Words Matter: Why Don’t We Say “Addict”?

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Addiction word cloud in red on a white background

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Have you noticed that on this blog, we say things like “person with a substance use disorder” or “someone who’s addicted to drugs” instead of “substance abuser” or “addict”? There are reasons for that.

Seeing the whole person

Some words carry bigger meanings than you may realize. “Substance abuser,” “drug user,” or “addict,” for instance, make it sound like the person being described is nothing but their substance use disorder, drug use, or addiction.

But that isn’t true, of course. Every person has many qualities, likes and dislikes, hopes, dreams, stresses, and relationships.

So, saying “person with a substance use disorder” is more accurate. It means you’re describing a real, complete, and complex person—one who happens to have that disorder.

A brain disorder

Words like “addict” are misleading in another way, too. We know addiction is a disorder that happens in the brain. The first time a person takes a drug, it’s their choice—but what happens in their body and brain after that may be less and less under their control. Some people are simply more likely than others to develop a drug problem.

Why is it important to realize this? Using words that separate a person from their substance use disorder can reduce the shame some people feel about having the problem—and make it easier for them to seek help.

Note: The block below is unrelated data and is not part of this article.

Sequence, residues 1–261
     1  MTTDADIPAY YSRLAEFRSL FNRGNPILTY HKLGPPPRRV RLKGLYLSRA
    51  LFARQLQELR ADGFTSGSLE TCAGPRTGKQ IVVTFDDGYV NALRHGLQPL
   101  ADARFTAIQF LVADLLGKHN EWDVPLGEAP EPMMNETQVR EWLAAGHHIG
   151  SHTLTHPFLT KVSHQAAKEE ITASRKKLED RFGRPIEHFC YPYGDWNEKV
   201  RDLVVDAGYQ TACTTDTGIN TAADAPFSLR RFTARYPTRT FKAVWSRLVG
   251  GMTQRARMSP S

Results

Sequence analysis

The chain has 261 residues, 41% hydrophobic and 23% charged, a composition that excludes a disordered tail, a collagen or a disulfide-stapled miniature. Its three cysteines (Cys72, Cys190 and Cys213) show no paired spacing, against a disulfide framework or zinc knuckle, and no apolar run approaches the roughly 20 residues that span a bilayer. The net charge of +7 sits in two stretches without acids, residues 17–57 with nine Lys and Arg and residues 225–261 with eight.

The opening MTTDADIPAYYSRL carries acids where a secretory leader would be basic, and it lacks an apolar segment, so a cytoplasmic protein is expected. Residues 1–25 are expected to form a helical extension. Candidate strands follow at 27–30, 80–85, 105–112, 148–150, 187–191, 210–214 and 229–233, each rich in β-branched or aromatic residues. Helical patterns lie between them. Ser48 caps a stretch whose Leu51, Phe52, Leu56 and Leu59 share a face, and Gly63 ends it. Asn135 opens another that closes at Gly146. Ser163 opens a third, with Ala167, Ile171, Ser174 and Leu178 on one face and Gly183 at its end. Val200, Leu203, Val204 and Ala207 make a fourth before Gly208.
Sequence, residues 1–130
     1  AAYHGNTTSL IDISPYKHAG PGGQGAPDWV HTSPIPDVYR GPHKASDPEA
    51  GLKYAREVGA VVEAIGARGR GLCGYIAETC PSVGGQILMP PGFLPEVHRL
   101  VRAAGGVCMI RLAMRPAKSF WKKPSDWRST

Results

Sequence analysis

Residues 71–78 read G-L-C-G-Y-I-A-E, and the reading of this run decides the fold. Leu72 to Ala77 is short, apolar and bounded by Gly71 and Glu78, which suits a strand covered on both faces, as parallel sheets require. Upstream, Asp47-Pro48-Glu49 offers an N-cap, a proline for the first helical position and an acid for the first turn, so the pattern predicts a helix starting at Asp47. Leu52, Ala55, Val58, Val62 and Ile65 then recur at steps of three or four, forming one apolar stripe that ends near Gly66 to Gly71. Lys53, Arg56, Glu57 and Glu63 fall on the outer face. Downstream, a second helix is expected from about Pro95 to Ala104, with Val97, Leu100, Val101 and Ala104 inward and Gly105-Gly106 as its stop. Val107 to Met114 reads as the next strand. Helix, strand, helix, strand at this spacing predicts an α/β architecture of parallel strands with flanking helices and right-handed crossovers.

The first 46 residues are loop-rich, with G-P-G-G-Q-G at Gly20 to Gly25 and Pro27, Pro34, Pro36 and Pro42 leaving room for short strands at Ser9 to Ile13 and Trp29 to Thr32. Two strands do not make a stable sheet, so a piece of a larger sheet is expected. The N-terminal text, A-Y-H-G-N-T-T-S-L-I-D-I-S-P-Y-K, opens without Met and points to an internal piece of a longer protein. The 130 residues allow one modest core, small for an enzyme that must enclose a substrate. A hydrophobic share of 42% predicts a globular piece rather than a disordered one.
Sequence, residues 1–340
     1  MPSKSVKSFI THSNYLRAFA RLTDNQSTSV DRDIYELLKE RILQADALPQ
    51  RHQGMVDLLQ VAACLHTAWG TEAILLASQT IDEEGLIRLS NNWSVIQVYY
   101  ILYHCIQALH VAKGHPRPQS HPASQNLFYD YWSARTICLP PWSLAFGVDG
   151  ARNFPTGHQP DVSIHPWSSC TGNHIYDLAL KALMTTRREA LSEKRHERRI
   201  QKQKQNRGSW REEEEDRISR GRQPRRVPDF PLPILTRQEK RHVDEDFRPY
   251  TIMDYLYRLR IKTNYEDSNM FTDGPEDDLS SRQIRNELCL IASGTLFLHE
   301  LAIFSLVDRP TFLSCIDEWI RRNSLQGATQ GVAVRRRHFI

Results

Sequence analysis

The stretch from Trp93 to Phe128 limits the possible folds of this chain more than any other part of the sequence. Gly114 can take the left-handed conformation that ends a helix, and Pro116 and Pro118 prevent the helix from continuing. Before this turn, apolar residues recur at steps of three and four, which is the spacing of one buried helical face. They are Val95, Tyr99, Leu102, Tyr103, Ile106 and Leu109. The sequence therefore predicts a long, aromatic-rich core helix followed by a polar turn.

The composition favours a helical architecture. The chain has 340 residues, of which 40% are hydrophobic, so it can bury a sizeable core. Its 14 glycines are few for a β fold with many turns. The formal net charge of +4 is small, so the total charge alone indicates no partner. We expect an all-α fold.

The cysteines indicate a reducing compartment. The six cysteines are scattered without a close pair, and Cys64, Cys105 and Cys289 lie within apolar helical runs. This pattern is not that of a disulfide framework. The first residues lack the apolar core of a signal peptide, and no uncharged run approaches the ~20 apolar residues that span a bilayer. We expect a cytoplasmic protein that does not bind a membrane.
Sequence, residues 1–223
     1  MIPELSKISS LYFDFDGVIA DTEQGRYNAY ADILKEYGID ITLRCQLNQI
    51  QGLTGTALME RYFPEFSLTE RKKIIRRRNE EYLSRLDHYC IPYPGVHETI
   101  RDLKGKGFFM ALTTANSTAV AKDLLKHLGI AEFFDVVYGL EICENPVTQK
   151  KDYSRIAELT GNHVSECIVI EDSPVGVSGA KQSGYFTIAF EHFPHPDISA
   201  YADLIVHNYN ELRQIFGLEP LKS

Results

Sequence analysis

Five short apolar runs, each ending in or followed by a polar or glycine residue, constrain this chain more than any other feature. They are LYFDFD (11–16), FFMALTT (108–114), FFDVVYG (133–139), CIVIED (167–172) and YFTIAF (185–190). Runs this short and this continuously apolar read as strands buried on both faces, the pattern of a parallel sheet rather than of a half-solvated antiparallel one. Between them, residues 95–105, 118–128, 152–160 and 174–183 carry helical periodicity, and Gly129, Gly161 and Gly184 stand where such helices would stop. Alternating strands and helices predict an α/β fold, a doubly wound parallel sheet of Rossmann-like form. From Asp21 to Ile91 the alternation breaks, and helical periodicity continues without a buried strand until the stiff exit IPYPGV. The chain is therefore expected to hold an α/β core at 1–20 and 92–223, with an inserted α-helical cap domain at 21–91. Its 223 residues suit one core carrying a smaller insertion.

One study even found that highly trained doctors and therapists who treat people with substance use disorders were slightly more likely to recommend punishment for people who were described as “substance abusers,” and more likely to recommend therapy for those described as “people with substance use disorders.”

Remember: When you talk or even think about people who have a substance use disorder, the words you use matter.

Learn why addiction is a brain disease.

Find Help Near You

Use the SAMHSA Treatment Locator to find substance use or other mental health services in your area. If you are in an emergency situation, this toll-free, 24-hour hotline can help you get through this difficult time: call 1-800-273-TALK, or visit the Suicide Prevention Lifeline. We also have step by step guides on what to do to help yourself, a friend or a family member.

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